P.O. Box 968
Easton, MA 02334

Oliver Ames High School
Athletic Hall of Fame

Class of 2003



In Joan Ando’s senior high school yearbook entry, she was referred to as “Miss Sports.” The name surely fit.

At Oliver Ames High School, Joan played field hockey her junior and senior years; basketball her sophomore through senior years; and softball her freshman through senior years. A solid scorer in hoops, she was a co-captain of the team her senior year. She received the Oliver Ames Athletic Council Award. Joan attended Bridgewater State College where she somehow managed to play field hockey, basketball, and lacrosse all four years.

From 1966 to the present, Joan has been a physical education teacher and athletics coach at Bridgewater-Raynham Regional High School. In 1992, she was honored as the Boston Globe’s Div. 1 Field Hockey Coach of the Year. She is a member of the Women’s Hall of Fame: New Agenda – Northeast, and has received the LPGA Award in recognition of leadership, inspiration, and outstanding contributions to athletics. Joan was named to “Who’s Who Among American Teachers” in 1994, 1996, 1997, and 1998.

Joan writes that she “has received great satisfaction from working with young people for 33 years.”





Donna Barker excelled in multiple sports for Oliver Ames High School, but she was also a regionally ranked tennis player, a sport that OA did not offer at the time.

Donna has been active in tennis since her early teens, and during her career has achieved a doubles ranking of #5 and singles ranking of #6 in the New England women’s category. She competed against such notables as Karen Hantz Susmann and Billy Jean King.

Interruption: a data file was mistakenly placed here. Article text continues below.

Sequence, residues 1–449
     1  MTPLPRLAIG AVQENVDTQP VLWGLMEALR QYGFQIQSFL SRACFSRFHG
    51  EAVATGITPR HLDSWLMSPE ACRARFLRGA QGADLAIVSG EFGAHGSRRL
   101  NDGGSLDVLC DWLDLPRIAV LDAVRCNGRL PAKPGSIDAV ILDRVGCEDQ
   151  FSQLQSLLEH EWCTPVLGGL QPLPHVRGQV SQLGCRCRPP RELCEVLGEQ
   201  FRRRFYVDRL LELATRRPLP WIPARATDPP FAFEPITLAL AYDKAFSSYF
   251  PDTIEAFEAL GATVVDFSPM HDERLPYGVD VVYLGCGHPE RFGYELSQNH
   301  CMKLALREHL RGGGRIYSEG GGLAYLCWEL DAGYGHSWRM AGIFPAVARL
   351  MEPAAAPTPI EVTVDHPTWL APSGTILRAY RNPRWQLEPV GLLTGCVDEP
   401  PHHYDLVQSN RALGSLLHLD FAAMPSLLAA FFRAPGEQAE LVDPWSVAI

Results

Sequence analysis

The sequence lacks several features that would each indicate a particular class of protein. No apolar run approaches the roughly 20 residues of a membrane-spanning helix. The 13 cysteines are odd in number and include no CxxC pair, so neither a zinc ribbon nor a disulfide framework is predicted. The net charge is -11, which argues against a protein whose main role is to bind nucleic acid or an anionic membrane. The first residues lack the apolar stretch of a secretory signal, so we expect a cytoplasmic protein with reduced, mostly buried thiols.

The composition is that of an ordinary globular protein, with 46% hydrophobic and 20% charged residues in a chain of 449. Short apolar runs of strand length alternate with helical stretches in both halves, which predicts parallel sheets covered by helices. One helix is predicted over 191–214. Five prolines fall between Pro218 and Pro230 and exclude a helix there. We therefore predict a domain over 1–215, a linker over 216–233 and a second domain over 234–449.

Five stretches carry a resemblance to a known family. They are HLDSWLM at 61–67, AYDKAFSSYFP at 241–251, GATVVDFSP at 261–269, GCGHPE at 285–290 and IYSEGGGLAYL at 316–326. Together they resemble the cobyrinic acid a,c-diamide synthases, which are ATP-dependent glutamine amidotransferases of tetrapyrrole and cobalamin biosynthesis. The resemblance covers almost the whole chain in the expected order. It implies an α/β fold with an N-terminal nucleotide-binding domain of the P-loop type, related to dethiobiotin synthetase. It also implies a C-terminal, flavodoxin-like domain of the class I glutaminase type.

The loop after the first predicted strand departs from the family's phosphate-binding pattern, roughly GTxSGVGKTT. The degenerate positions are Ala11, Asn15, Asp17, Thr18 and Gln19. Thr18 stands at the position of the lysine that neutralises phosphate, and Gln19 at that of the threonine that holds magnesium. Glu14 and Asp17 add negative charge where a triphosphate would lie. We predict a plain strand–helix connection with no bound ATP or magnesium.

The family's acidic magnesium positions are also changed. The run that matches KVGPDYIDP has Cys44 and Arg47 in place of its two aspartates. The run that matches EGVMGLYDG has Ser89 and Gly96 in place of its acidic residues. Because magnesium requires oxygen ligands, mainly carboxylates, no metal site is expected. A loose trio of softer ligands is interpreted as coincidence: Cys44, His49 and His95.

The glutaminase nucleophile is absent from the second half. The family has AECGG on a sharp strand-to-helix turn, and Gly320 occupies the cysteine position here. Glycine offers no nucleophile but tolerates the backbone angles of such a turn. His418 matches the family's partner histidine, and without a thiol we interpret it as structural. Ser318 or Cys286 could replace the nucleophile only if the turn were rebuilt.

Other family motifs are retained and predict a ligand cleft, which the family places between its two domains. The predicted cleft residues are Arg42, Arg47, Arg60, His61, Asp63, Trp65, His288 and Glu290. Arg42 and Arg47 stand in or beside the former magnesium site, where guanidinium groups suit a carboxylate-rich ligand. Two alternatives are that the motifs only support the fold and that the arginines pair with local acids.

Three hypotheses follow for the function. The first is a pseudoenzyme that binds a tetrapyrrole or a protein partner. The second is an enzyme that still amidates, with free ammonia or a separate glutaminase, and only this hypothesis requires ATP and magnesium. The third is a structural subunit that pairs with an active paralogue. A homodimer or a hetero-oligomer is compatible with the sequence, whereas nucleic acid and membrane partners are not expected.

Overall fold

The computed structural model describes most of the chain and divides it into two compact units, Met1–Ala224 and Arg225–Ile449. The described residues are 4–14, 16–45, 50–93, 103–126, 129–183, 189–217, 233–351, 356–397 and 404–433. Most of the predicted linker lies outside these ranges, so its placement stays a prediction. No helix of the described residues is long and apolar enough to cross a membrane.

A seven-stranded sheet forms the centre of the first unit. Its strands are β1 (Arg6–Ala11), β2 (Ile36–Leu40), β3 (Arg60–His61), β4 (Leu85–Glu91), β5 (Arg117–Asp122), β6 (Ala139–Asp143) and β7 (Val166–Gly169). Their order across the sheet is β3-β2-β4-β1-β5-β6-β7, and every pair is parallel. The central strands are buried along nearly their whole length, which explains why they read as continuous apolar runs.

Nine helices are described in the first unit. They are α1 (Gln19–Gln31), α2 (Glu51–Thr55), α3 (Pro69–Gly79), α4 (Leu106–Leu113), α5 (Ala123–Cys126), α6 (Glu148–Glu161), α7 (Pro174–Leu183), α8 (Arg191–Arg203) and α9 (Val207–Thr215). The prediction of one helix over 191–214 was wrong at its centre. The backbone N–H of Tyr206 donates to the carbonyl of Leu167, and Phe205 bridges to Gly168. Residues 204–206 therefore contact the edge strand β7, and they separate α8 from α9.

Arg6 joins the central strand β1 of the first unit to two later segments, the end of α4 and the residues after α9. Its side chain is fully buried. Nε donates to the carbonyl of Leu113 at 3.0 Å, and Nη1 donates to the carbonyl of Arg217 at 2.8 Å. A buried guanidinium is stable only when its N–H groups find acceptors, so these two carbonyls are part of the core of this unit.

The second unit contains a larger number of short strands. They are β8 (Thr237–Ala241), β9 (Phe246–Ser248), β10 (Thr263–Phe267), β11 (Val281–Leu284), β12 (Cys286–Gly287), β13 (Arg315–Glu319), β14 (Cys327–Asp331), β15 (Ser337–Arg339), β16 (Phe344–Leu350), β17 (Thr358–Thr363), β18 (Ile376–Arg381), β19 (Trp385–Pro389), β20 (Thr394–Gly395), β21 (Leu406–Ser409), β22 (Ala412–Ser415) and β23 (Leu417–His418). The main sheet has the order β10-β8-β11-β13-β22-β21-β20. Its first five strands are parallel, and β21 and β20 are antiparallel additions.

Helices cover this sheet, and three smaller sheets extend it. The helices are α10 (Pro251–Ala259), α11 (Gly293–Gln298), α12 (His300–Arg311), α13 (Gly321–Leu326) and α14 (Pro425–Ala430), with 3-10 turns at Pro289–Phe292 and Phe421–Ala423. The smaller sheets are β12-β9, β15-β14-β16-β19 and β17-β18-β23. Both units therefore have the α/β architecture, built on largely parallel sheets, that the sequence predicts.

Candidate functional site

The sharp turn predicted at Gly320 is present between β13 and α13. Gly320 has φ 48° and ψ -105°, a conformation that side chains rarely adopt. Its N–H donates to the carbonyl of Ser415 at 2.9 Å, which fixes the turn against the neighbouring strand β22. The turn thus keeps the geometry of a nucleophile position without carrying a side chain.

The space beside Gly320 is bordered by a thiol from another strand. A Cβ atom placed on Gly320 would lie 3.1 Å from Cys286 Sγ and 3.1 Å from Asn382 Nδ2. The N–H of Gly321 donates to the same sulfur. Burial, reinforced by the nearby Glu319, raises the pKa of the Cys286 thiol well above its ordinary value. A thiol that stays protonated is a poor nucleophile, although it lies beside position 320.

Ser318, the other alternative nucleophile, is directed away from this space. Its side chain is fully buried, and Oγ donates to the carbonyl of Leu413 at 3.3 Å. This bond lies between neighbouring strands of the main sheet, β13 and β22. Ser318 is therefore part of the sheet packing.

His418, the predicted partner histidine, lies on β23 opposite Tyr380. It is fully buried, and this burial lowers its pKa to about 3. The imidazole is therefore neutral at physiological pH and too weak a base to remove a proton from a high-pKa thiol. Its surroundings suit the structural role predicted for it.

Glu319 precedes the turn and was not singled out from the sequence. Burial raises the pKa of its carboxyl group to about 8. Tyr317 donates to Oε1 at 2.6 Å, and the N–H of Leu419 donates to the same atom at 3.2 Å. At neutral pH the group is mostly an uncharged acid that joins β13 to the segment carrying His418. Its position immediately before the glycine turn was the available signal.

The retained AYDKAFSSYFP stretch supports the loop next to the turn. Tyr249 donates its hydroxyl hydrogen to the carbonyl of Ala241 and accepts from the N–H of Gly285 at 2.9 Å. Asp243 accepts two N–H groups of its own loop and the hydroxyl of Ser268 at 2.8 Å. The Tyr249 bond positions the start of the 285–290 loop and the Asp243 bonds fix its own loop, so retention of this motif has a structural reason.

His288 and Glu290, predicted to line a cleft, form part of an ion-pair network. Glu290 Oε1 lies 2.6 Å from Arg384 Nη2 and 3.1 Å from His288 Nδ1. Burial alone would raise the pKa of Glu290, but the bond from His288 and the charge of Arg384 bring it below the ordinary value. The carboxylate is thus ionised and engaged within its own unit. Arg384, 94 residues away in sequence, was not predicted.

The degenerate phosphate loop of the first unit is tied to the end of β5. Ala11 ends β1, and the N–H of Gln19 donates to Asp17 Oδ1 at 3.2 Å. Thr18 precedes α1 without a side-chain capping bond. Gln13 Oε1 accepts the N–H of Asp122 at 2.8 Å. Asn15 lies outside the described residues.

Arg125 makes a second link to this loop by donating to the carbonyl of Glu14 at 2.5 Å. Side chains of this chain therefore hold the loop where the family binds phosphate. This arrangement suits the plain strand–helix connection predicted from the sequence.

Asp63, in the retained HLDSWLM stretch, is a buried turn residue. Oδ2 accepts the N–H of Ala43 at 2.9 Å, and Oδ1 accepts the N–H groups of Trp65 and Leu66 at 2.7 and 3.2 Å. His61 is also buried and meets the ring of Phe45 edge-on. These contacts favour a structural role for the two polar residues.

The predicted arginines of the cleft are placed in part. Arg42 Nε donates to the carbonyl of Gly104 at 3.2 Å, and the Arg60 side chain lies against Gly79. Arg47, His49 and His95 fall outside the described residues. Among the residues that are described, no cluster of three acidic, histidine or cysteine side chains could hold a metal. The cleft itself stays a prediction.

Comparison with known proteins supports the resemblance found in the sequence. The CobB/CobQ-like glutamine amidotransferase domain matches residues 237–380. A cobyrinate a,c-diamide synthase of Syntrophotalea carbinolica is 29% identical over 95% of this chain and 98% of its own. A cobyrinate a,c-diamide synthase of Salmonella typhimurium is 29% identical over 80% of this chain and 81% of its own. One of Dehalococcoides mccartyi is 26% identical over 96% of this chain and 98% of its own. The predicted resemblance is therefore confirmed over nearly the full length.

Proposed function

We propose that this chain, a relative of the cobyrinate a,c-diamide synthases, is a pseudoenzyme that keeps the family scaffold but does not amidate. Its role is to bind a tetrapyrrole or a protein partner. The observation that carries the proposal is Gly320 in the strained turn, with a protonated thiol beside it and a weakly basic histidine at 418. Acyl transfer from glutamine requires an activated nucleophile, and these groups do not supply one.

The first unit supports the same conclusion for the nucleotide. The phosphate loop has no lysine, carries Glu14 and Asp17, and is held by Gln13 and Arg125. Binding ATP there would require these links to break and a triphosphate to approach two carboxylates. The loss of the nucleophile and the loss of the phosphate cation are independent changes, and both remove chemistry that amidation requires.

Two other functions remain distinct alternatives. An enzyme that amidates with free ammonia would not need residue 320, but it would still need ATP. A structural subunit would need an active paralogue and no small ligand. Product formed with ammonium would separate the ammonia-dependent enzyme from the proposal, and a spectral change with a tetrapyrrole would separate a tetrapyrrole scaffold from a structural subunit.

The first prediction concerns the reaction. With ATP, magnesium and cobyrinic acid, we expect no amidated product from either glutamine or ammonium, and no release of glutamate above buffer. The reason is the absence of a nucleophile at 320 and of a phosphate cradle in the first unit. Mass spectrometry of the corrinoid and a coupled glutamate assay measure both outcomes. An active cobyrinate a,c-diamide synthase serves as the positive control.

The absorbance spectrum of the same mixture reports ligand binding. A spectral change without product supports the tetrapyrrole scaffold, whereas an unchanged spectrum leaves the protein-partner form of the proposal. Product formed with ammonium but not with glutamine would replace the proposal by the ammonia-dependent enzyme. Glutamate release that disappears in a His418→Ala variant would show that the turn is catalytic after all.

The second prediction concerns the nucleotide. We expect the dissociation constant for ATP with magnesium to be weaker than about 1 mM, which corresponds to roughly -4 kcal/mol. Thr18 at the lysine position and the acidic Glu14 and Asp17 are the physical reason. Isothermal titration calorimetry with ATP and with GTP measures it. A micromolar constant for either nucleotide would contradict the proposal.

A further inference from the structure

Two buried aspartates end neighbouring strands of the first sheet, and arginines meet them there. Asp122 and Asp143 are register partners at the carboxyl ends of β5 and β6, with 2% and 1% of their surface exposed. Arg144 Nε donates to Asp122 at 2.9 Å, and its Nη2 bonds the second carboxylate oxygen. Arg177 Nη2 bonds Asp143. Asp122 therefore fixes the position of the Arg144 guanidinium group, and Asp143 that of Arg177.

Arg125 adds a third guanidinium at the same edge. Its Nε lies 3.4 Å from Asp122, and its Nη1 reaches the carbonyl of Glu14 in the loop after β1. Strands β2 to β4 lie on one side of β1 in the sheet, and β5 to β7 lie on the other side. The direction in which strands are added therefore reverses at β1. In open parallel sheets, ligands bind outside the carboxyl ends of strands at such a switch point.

At OA, Donna played field hockey for two years, softball for three years, and basketball for three years. Her senior year, she was the high scorer for the field hockey team and co-captain of the basketball team. Donna went on to Wheaton College in Norton where she competed for four years both in intercollegiate basketball and tennis. In tennis, she was the Eastern Intercollegiate champion in doubles in 1964 and 1965, and finished second in singles in 1966.

Donna holds a bachelor’s degree from Wheaton and a master’s degree from John Hopkins University. She owns a software management consulting business. Donna lives with her husband, Dick, in Lincoln, MA.



Bill Baxter had a lot of experience in winning in athletics at Oliver Ames High School. Following his playing days in high school and college, he continued his involvement in sports to the present day.

Baxter played football, basketball, and baseball four years at OA, and was on the track & field team his sophomore, junior, and senior years. As the starting quarterback his junior and senior years, Baxter, and OA, did not lose. During the 1955 football season, when Jim Elson scored 59 points, more than any

end in Eastern Massachusetts that year, most of the points came courtesy of passes delivered by Baxter.

Baxter went on to play football at the University of Rhode Island, starting at quarterback for the Rams his senior year. After college, while building a successful career in the insurance and healthcare industries, Baxter played semi-professional football, rugby, and softball, and coached youth baseball, soccer, and basketball. He is an avid skier with National Ski Patrol certification.

He and his wife, Anita, have been married for 35 years. They have a son and a daughter, and three grandchildren.


Mona Bellows distinguished herself as a multi-sport competitor at Oliver Ames High School, but she didn’t stop there, remaining active in a variety of competitive athletics.